Promotional shoots and autograph signings are part of Ken Burns daily world, but beyond celebrity moments the renown documentary film maker is passionate about preserving history and telling the story...America's story.
He asks, "Who are we ? Who are those strange and complicated people who like to call themselves Americans'. "
Burns is in town this week promoting his newest documentary series titled Baseball the 10th Inning.
It is a production firmly backed with dollars from the Queen City.
The corporate sponsor is Charlotte's own Bank of America.
"They've given me tools to continue to investigate the stories that I think are important to tell for the next decade," Burns said.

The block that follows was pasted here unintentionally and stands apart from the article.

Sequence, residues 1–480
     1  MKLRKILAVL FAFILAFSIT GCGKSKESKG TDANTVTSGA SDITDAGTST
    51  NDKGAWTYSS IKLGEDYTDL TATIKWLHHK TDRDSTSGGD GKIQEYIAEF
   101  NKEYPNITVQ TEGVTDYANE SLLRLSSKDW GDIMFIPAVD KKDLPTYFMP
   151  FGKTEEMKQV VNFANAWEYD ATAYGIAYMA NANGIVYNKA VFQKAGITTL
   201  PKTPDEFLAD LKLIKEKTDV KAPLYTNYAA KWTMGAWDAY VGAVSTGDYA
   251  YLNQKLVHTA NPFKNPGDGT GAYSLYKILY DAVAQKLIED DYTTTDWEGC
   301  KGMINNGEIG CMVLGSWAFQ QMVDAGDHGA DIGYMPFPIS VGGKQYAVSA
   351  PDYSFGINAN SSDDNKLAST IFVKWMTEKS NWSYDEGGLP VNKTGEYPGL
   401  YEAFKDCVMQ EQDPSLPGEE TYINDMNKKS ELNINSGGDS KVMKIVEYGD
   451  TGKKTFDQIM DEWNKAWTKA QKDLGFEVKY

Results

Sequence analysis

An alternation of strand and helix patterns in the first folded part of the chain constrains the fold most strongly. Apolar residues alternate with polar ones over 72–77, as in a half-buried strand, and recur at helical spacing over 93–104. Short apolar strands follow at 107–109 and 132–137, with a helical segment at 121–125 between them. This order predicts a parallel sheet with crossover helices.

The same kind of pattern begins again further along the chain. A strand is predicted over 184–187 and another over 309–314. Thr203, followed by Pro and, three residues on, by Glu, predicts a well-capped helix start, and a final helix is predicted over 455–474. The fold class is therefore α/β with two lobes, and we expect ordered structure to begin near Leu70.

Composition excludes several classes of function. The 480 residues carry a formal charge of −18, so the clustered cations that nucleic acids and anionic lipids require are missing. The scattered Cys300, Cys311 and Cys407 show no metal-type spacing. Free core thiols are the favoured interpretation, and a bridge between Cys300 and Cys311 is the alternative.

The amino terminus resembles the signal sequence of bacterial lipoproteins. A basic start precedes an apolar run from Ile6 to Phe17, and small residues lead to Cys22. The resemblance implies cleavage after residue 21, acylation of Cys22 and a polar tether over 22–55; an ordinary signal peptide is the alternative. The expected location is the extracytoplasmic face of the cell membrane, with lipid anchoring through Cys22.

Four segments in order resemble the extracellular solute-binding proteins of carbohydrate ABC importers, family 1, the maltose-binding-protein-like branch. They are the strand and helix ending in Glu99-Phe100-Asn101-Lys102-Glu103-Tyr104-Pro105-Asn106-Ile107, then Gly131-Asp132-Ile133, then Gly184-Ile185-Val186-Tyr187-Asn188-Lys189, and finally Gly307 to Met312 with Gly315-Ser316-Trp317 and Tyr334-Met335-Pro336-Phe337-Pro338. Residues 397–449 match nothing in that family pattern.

The tools he's been handed have taken him on a journey from the battlefields of World War Two to smoky night clubs of Harlem in Jazz.
Programs he says that have offered slices of history behind the headlines.
"The best kind of history is bottom up," he said. "It begins in the community with the people we recognize, and you make the characters of history recognizable, then history is the best teacher you'll ever run across."
In the dozens of films that he's made over the last 35 years, one recurring theme tends to emerge.
"What are our great strengths? what are our weaknesses and how we have negotiated the strengths and weaknesses over the last 200 plus years?" he asks.
Burns who's also here to lend a hand to local filmmakers feels there's another point to be made.
"If you don't know where you've been, you can't possibly know where you're going and that's the great gift of history."
It is a gift that offers a reflection of ourselves then and now.
Baseball the 10th Inning is set for national release later this month on PBS.